The Sherman, reflecting Joe Murphy's strong background in new writing, put on a mini-festival of 30-minute plays with a title to fit: “Reinvigorate. Revitalise. Reconnect. Reinvent.”

Seiriol Davies had a harsh lockdown fate, his musical “Milky Peaks” cancelled in March 2020 on the eve of its opening night. He returned with “The Messenger”, billed as “a witty and anarchic mini musical.”

Inspired by “Don Quixote” Mared Jarman performed in “Tilting at Windmills” by Hannah McPake. Aeschylus' “Prometheus Bound” was source and variation for “The Love Thief”, written and performed by Rahim El Habachi. “Hamlet” was a kind of source for “Hamlet Is A F&£$boi”, written and acted by Lowri Jenkins.

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MERCURY THEATRE had two performances at Cardiff's Depot Warehouse. “Finding Home” was written by Bethan Morgan and directed by Lynn Hunter. Like “35 Times” in 2017 it was motivated by a social issue of seriousness and had documentary input from those affected. Its subject was homelessness, its making aided by those with live experience.

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COMPANY OF SIRENS performed “Hitchcock Redux”, two one-act plays for a week at Chapter. “Twelve Cabins, Twelve Vacancies” and “Souvenirs Of A Killing” were written by Chris Durnall and performed by Durnall and Angharad Matthews. From Get the Chance:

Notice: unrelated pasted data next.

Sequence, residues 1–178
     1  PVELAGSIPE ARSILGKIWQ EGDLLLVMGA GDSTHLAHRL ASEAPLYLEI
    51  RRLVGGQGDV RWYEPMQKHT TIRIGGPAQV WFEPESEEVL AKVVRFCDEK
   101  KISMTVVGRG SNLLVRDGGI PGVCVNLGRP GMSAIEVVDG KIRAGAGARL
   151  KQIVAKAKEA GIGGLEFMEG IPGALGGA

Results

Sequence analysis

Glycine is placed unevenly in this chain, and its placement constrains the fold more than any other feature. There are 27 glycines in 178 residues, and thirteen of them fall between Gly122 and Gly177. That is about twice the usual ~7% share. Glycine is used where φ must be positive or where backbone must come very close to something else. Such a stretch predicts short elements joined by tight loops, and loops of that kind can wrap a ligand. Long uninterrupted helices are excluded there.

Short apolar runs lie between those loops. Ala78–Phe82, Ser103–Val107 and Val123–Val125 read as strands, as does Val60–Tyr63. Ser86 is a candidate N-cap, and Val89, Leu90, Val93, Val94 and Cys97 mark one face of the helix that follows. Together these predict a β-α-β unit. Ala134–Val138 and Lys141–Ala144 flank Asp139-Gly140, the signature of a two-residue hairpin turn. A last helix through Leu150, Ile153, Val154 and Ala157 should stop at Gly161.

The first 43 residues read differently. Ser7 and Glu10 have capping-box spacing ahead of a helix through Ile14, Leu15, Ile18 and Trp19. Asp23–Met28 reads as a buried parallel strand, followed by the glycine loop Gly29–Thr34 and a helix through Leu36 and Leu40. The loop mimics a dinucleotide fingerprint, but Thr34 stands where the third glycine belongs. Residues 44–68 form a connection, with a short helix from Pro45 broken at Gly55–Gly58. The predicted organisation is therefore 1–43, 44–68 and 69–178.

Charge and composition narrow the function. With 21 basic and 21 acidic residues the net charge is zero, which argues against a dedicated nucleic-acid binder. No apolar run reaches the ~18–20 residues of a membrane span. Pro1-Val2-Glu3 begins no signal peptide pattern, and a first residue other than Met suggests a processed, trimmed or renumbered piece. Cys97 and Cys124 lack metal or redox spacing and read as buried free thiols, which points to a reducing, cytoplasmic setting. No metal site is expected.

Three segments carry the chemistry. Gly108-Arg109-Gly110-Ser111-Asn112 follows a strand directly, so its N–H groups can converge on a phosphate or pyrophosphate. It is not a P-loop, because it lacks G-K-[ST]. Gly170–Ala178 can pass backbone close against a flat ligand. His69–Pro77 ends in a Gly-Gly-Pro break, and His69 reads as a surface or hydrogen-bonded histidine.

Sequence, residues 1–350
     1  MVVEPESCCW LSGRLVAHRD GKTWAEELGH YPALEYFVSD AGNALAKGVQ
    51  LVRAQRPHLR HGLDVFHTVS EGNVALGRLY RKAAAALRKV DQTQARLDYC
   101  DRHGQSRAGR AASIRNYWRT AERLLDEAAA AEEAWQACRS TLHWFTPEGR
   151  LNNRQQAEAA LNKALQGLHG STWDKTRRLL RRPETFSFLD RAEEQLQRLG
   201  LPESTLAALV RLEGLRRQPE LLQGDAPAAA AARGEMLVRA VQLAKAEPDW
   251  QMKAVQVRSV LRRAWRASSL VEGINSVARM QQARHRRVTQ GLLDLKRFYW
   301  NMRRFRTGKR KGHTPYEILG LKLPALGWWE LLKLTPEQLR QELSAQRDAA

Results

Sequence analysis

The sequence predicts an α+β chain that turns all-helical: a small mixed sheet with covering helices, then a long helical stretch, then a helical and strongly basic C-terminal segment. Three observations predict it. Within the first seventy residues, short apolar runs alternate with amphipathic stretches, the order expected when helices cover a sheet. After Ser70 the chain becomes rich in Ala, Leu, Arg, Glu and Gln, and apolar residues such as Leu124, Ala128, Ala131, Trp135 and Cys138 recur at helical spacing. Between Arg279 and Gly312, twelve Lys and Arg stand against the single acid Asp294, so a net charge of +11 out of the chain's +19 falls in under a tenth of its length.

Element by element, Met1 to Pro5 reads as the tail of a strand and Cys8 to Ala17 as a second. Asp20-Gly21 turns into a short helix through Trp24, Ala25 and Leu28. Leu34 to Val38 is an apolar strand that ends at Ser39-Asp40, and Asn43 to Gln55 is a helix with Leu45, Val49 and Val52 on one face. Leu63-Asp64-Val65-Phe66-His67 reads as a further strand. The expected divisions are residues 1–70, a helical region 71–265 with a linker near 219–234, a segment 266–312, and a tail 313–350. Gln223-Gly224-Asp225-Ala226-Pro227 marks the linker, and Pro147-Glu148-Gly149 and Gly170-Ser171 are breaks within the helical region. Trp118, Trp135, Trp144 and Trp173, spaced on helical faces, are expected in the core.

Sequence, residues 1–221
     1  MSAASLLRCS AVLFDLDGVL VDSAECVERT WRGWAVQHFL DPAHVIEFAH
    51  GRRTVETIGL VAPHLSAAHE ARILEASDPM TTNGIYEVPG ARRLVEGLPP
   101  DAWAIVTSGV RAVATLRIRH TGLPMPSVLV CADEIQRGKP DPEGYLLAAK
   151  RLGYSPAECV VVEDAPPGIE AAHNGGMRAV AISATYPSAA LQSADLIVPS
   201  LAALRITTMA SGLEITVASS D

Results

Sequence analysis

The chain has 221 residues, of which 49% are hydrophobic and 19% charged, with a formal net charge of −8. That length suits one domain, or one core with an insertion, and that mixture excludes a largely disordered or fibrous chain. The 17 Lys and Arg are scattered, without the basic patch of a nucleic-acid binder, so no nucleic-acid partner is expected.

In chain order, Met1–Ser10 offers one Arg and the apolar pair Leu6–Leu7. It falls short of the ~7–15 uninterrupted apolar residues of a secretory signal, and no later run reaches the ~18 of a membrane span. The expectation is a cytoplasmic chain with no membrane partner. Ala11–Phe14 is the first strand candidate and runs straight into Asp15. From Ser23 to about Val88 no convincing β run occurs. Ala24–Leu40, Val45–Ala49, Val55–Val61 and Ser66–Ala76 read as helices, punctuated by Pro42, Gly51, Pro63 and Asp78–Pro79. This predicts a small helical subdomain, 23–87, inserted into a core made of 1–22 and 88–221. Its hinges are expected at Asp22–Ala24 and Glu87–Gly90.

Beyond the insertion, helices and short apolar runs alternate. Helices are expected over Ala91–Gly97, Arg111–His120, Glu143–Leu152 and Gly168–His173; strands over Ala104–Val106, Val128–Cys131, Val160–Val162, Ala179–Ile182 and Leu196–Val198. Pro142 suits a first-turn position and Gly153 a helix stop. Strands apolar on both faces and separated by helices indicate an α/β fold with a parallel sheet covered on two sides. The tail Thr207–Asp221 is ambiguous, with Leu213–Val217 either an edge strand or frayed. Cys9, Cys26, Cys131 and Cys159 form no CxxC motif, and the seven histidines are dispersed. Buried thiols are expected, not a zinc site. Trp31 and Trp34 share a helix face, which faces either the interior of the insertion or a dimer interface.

“Hitchcock Redux” dramatises and meditates on two traumatic events in Durnall’s life and the Hitchcock films with which are intertwined. In the first play, “Twelve Cabins Twelve Vacancies”, Durnall recounts the time when, while watching the first television broadcast of Hitchcock’s “Psycho” in 1968, he learned that his father had died. The two are forever connected in his consciousness, and memories of both are shaped and distorted by each other. The second play, “Souvenirs of a Killing”, explores the tragic abduction and murder of a friend in 1973, the trauma of which is embodied and underscored by the film “Vertigo.”

“….Durnall moves as though monumentalised in grief, shifting between joyous reminiscence and solemn contemplation; Matthews moves ethereally, as light dances on the surface of rippling water; and the immersive music, composed and performed live by Eren, moves between original compositions and evocations of Hermann that cage the characters in a spiralling static state.”

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FLYING BRIDGE is the most travelled of the companies of Wales with a record of crossing continents. Last seen and heard doing a winter season in Vienna it was Welsh theatre's first post-pandemic export. “Horse Country” by C J Hopkins, a collaboration of Flying Bridge with Rive Productions, played late September into October in the unique Wilton’s Music Hall in London's east end. British Theatre Guide was there to enjoy what it saw.

Links to these productions.

“The Love Thief “ and “Tilting at Windmills” are two joyously irreverent and transcendent plays which argue that, while love may seem futile and dreams impossible, the adventure makes them worth the risk” at:

Flying Bridge Theatre:

Wales Millennium Centre

Company of Sirens

The Torch

Reviewed by: Adam Somerset